Good news or bad? The shifting points of intersection in the game of elite sport development in NZ
Ryan, I; Martin, S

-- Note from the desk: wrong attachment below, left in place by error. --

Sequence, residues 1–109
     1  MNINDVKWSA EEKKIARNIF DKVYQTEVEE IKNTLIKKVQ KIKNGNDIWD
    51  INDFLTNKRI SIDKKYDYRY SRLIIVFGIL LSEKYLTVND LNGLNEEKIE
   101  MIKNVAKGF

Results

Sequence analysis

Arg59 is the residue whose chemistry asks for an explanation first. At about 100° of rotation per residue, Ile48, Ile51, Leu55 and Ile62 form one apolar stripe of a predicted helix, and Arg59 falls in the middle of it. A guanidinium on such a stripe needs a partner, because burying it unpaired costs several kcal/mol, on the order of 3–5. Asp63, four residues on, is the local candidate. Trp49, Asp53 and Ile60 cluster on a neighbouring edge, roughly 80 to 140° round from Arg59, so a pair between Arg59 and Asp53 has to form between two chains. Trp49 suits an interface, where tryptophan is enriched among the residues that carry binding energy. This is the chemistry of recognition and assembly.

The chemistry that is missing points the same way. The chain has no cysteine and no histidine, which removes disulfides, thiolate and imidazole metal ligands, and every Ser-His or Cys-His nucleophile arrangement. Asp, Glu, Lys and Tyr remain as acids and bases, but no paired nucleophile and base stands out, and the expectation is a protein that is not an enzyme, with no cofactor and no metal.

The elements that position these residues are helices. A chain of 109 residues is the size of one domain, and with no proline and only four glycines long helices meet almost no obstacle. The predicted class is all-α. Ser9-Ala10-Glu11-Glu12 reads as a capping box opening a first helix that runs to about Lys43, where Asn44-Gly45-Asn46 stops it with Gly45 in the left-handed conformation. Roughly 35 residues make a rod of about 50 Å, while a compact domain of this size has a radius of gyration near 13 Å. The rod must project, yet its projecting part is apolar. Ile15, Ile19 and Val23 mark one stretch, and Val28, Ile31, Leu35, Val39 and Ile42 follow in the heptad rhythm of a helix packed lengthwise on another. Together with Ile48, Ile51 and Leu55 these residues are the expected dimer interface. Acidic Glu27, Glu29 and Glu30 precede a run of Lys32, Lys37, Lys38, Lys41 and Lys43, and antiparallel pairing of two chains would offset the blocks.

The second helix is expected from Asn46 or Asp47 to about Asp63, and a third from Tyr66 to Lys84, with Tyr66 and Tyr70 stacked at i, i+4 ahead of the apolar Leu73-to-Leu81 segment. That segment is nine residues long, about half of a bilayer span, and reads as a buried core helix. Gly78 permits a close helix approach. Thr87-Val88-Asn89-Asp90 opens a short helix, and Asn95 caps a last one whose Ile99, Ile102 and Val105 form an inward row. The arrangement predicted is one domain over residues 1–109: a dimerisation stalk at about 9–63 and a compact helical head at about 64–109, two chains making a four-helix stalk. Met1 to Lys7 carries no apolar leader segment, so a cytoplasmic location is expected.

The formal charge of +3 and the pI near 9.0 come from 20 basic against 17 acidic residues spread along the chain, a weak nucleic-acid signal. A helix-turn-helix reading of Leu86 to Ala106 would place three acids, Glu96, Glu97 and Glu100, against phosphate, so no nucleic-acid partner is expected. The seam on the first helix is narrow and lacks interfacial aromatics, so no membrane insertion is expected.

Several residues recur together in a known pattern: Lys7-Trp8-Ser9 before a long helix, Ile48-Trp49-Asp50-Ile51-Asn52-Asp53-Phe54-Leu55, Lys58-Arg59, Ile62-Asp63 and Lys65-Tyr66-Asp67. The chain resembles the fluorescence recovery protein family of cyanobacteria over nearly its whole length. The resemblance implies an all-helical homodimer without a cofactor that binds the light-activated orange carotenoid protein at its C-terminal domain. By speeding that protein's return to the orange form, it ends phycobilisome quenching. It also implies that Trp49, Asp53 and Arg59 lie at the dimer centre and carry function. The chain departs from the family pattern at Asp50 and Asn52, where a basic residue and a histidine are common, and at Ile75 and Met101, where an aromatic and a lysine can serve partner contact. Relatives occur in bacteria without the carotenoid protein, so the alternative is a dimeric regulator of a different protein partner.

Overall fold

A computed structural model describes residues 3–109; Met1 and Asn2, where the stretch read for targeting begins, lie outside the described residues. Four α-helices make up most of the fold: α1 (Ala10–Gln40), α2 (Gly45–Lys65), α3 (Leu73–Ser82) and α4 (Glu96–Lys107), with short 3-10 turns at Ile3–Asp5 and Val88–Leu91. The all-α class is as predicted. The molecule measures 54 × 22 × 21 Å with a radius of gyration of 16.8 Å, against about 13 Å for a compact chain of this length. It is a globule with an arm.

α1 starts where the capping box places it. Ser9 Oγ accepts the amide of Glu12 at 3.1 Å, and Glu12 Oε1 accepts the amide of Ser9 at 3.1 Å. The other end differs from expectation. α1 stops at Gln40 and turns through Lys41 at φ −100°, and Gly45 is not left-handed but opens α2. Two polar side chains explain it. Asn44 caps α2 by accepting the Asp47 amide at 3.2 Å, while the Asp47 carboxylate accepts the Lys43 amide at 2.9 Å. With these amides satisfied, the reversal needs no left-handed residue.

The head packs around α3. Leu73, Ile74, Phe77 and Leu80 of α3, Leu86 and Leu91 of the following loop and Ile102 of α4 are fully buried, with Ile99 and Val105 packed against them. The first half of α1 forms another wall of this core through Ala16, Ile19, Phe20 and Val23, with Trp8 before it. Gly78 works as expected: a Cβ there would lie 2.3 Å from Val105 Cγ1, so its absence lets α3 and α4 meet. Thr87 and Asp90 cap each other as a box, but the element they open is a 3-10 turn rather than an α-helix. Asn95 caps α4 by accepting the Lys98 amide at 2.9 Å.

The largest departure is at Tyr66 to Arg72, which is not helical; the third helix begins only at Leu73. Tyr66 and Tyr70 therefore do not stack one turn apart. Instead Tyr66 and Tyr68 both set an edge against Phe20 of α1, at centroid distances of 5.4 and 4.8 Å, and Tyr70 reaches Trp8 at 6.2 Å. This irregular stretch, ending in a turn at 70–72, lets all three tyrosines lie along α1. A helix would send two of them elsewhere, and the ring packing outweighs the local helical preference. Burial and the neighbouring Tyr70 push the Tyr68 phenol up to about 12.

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Critical and postmodern approaches remain on the fringes of sport management research (Skinner and Edwards, 2005). The purpose of the study proposed in this paper is to broaden the scope and conceptual complexity of a topic that matters to New Zealand (NZ) and globally; elite sport performance. The intent is to use an intersectional approach to highlight the interplay over time between macro – societal institutions and meso - organisational factors and the impact on the work-life experiences of amateur elite athletes. The concept of intersectionality is used in women’s studies and feminist theory to understand the relationship between interrelating categories of inequality and unequal power relations (Acker, 2006; Calas and Smircich; Holvino, 2008). Different approaches to the theorization of intersectionality has stimulated a rich scholarly debate as to its strengths and weaknesses as scholars seek further understanding and explanation of the concept (eg Bilge, 2010; Dill, McLaughlin and Nieves, 2007; Holvino, 2008; McCall, 2005; Naples, 2009; Phoenix and Pattynama, 2006; Yuval-Davies, 2006). Bilge (2010) summaries this debate as one that exists on two levels: level one, discussions on theories and methodologies and level two, praxis or the application of intersectional knowledge to advance equality. Considering the scholarly debate, this paper represents our initial thinking on how to conceptualize an intersectional research project: what to include and what to exclude or see as peripheral to the analysis (Naples, 2009).